Does this article resonate with you in the same way it does with me?  Drop me a comment and let me know your thoughts.

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Friday, March 24, 2017

Leadership and teacher churn

Last year on R&D I worked on recruitment, retention and development of teachers by schools.  I did lots of reading around this, and so I'm always interested to read more studies about these issues, and to try to put them into the international context in which I'm working.  While I think that there are many reasons why internationally people choose to leave a school - such as wanting to live in a different country, hardship postings, personal issues including family, wanting to move up the career ladder and so on, I think it is also true that the culture of a school has a lot to play in these decisions.

This week I was reading a blog post entitled "Teachers Quit Principals, Not Schools".  This was based on previous posts along the theme of people don't quit jobs, they quit bosses.  I wondered how true this was in the context of international education - or even what lessons international schools could draw from the experiences of retention of teachers in school districts.  Certainly it's true in all schools that the leaders of the schools help to set the culture, which in turn helps to retain teachers. The blog post directed me to a study done by Indianapolis Public Schools who looked at the reasons why teachers voluntarily left a school.  In this study,  49% cited school leadership, 44% personal reasons and 40% school culture.  Less than 20% mentioned salary and benefits.  The blog post quoted:
The principal is the one who steers the ship and when the principal cannot steer the ship in the right direction families and teachers look for a different school environment.
The Indianapolis study refers to teacher "churn" which implies teachers moving between schools in the city.  This isn't necessarily similar to teachers choosing to move internationally between schools. Reading the article it seems that many teachers were moved between schools involuntarily and at short notice.  That doesn't negate the previous statistics though, as these were all based on voluntary movements.  The impact of the movement remains the same - both locally and internationally.  A significant movement of teachers into and out of a school does impact the learning of students.  The study states "roughly half of new teachers leave urban classrooms within 3 years, just as they are beginning to have their strongest impact on student learning."  3 years also seems to be a fairly typical time to spend in many international schools - it implies a teacher has finished his/her initial contract which is usually 2 years, and has chosen to renew for one more contract.  For many teachers, even if they want to leave, it's worth staying the extra year for a better reference, and it's actually quite hard to move every 2 years as you spend the first year settling in and if you then have to resign at the start of your second year (many international schools are asking teachers to state their intent by September or October), you spend much of the final year "checked out" or embroiled in the recruitment process searching for a new job.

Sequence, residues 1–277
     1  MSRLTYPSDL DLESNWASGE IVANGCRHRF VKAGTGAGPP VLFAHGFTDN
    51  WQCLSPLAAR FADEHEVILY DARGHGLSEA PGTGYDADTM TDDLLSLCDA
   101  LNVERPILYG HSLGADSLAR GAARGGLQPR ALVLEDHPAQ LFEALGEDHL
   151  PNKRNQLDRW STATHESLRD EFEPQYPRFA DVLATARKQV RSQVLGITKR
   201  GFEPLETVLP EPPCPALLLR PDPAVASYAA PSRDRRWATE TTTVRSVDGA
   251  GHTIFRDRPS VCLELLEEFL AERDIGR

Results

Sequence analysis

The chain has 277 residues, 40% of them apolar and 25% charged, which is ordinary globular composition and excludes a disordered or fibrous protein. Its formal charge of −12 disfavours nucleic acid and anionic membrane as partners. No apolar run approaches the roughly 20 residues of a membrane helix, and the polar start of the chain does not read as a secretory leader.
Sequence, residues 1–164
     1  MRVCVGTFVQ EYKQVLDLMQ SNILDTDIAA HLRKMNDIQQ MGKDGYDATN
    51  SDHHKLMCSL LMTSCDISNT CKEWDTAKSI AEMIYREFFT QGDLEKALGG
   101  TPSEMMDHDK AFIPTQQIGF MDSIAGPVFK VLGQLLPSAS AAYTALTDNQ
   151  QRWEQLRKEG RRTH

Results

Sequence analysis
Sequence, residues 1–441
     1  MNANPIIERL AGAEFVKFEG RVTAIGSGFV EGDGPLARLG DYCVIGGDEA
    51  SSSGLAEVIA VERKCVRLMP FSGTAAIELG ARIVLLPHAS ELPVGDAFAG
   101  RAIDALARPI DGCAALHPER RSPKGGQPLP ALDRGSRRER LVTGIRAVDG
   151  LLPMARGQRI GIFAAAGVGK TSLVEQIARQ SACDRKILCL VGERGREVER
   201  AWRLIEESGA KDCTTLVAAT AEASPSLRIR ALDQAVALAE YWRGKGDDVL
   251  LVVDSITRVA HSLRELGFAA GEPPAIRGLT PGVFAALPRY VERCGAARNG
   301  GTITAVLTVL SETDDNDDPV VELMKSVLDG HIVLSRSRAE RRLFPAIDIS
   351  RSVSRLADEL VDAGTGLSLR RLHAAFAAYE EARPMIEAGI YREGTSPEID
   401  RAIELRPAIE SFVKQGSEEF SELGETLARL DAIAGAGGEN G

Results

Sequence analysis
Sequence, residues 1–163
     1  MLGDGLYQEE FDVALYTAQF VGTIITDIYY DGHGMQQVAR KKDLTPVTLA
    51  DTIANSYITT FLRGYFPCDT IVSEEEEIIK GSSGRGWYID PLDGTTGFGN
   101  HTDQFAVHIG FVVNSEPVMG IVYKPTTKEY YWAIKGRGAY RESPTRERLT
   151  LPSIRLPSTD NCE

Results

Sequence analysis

Here are some of the impacts of teacher "churn" stated in the study:
  • School culture - difficulties in forging trust and being invested in a school community, difficulties in building relationships with students parents and colleagues as relationships, trust and investment generally deepen with time.
  • Collegial relationships - when colleagues work together over several years, advances can be made in curriculum, mentoring, teaching and learning techniques.  If teachers are continually shifting, it's difficult to do these things.
  • Continuity for staff and students - a large turnover leads to school communities and culture being built on thin foundations.
This is especially important in the light of research which shows that the classroom teacher is the single most important factor in determining student success.  Improving educational outcomes depends on developing teachers - and a high turnover hampers this.

The conclusion is that schools need to invest more into developing their leaders - of course they need good teachers, yet a great teacher under a poor leader is likely to leave, and that school is then less likely to succeed.  Principals do need to be passionate about what they are doing - and they also need to build the right structures and relationships for schools to be successful.